December new releases include stories of family challenges, uncovering unexpected truths, community battles, tension between religious and secular, and struggles to protect nature. Examine your own beliefs and consider how you may react as you follow these characters.
1. The Wake Up by Catherine Ryan Hyde
Cattle rancher Aiden Delacorte’s life changes when he rediscovers his ability to feel other’s pain and fear as if it were his own. He’d buried this trait in childhood and had been keeping others at a distance. Now he falls in love with a single mother whose young son, Milo, is violently acting out from his experiences with his abusive father. Aiden can feel the boy’s pain, as well as that of his victims. Aiden and Milo are coming to terms with their deepest fears and see how trust can help heal trauma.
“Memorable and well-plotted…The heartfelt latest from Hyde (Allie and Bea)…shows how trust can eventually help to heal trauma.” —Publishers Weekly
2. The Girl in Times Square by Paullina Simons
College student Lily Quinn’s best friend and roommate, Amy, disappears without a trace. Lily’s search for Amy puts her on a collision course with tragedy and love, challenges everything she knows about her own life and gives her a glimpse into the abyss that swallowed her friend. The truth will change Lily forever.
“Part mystery, part romance, part family drama . . . in other words, the perfect book.”—Daily Mail
3. Three Daughters of Eve by Elif Shafak
Three Daughters of Eve is set over an evening in contemporary Istanbul, as Peri navigates the tensions between East and West, religious and secular, rich and poor. Over the course of the dinner terrorist attacks occur across the city. Peri remembers her friends at Oxford University (an Iranian and an Egyptian-American) and their arguments about Islam and feminism, and their discussions with controversial divinity professor Azur. As the terrorist attacks move closer, Peri recalls the scandal that tore them apart.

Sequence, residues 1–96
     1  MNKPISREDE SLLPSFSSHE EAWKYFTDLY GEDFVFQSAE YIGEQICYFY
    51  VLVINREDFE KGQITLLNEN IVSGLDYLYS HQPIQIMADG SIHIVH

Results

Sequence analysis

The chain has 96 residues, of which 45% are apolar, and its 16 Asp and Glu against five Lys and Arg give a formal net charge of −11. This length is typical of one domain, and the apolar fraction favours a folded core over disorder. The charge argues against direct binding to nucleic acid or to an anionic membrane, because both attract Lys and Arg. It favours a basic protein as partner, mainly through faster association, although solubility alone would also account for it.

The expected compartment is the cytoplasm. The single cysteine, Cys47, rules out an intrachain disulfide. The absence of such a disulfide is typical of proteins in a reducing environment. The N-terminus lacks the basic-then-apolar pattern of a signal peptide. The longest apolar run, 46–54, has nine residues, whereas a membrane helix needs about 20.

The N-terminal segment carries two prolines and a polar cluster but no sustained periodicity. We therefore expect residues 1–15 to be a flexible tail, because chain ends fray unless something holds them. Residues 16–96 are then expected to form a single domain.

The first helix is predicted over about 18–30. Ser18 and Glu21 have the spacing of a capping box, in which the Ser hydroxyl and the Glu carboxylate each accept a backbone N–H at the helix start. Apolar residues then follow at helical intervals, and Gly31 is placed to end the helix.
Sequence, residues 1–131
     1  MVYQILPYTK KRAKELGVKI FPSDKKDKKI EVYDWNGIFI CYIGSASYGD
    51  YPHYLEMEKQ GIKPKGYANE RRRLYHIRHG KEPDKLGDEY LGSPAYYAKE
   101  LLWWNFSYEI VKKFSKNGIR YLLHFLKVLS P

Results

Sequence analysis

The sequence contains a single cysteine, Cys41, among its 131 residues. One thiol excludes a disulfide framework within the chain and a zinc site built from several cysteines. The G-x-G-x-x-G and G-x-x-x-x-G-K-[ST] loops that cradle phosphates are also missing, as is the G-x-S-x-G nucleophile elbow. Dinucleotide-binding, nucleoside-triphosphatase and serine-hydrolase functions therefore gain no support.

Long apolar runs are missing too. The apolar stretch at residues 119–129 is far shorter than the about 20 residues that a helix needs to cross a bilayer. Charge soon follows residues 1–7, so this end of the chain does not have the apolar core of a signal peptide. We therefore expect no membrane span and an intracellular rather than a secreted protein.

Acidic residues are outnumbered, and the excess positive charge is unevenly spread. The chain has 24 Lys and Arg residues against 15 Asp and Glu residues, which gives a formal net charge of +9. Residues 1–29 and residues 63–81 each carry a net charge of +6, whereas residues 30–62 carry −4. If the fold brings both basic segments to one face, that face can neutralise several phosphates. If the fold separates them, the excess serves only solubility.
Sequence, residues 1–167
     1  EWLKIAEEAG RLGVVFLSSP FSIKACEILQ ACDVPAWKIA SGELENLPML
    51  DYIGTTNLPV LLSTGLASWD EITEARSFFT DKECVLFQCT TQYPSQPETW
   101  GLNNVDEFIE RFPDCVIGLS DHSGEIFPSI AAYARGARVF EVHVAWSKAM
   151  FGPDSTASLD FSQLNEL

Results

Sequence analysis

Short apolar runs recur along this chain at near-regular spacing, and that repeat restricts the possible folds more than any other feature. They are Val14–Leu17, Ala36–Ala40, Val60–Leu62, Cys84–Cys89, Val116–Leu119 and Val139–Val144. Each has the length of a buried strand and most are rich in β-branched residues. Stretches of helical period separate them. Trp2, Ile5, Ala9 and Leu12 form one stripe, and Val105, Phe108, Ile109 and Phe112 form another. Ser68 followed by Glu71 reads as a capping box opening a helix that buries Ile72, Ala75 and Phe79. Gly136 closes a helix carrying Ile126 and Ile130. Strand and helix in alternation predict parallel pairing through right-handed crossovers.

“Turkish author Shafak uses rich, thought-provoking prose to illuminate women’s struggles and fuse Islam with feminist theory. Like her compatriot Orhan Pamuk, Shafak illustrates the ongoing fissure between Eastern and Western culture in Turkey.” – Library Journal
4. Elmet by Fiona Mozley
2017 Finalist for the Man Booker Prize
“A not-always-gentle giant and his two children live peacefully in the woods, but the push and pull of old forces will eventually find them, and the results will be explosive. Part fairy tale, part coming-of-age story, part revenge tragedy with literary connections, Mozley’s first novel is a shape-shifting, lyrical, but dark parable of life off the grid in modern Britain. Its narrator is 13-year-old Daniel, the tall, sensitive son of John Smythe, a man mountain who makes his living as a bare-knuckle fighter. Daniel, his lovely, fearless older sister, Cathy, and their father live in a house John built in a copse, on land that once belonged to the children’s mother. They are self-sufficient, fed by game they hunt, seated on furniture they built. It’s an idyllic if elemental life, lived largely outside society, until landowner Price, who once employed John as a debt collector, arrives to apply some pressure. Soon John is helping lead an insurrection of underpaid farm laborers and oppressed tenants against Price’s clique of farmers and power brokers. The deal that will resolve this confrontation requires John to fight a brutal match, but the violence doesn’t end there.” —Kirkus Reviews
5. Piano Tide by Kathleen Dean Moore
2017 WILLA Literary Award Winner in Contemporary Fiction and shortlisted for the ASLE Environmental Creative Writing Book Award
In this debut novel by award-winning naturalist, philosopher, activist and author Kathleen Dean Moore, we meet Axel Hagerman, who has made a fortune in the remote Alaskan town of Good River Harbor by exporting spruce, cedar, herring and halibut. Young Nora Montgomery, who just arrived in Alaska with her piano and her dog, hopes to disappear from her problems in the Lower 48. Nora and Axel clash over his next business proposition, a bear pit, after it turns lethal.
“Piano Tide joins Ken Kesey’s Sailor Song as one of the great novels of Alaska and its convoluted coast and history. A small group of people making a life in a village by the sea: this is Kathy Moore’s canvas, and she paints a really beautiful, intense, funny and lively portrait of Nora and her new neighbors. How to live in this world? Moore lets us ponder this by way of a great story, in this marvelous debut novel.” —Kim Stanley Robinson, author of Years of Rice and Salt